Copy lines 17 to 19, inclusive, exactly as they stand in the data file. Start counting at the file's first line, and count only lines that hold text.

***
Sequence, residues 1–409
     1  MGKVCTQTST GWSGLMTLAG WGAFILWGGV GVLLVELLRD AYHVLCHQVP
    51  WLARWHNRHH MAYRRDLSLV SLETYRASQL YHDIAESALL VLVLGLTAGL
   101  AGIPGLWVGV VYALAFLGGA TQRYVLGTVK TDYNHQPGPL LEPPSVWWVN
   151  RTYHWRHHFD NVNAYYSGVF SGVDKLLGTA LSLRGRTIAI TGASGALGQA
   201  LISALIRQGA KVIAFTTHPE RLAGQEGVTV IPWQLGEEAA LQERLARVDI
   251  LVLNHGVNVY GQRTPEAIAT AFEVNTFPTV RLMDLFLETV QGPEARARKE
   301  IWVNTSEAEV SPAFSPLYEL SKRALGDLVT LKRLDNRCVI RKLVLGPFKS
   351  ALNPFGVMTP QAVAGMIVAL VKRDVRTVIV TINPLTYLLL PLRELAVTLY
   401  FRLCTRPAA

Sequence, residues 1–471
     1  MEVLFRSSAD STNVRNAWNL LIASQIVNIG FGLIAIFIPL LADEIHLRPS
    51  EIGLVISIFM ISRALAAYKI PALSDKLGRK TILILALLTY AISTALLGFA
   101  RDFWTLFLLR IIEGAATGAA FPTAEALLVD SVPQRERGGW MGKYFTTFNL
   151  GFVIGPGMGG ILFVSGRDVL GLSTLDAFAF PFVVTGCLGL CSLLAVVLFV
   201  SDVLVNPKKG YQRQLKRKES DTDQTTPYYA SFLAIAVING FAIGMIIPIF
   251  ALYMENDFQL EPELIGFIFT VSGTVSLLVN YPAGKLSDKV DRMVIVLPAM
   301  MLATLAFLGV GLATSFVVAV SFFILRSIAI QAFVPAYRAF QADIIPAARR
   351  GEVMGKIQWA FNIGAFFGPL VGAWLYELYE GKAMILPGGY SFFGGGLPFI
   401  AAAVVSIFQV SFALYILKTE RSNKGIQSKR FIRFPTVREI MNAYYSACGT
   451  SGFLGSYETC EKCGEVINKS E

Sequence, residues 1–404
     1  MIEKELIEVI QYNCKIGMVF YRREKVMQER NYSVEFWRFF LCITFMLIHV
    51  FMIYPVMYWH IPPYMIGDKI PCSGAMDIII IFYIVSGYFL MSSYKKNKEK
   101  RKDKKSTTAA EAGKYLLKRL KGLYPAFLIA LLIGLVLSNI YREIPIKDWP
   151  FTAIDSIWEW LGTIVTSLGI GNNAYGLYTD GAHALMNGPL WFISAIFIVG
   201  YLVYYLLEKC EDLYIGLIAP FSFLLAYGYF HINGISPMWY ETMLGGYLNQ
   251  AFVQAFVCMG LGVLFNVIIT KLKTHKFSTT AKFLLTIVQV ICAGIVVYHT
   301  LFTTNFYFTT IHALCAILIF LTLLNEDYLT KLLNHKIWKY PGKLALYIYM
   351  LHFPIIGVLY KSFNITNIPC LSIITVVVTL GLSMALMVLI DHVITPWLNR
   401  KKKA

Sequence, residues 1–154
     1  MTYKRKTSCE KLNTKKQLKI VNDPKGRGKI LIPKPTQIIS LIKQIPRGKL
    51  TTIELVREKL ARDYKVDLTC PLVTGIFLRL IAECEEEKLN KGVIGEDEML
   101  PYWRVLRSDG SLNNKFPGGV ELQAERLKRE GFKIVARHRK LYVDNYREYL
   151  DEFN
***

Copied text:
   251  ALYMENDFQL EPELIGFIFT VSGTVSLLVN YPAGKLSDKV DRMVIVLPAM
   301  MLATLAFLGV GLATSFVVAV SFFILRSIAI QAFVPAYRAF QADIIPAARR
   351  GEVMGKIQWA FNIGAFFGPL VGAWLYELYE GKAMILPGGY SFFGGGLPFI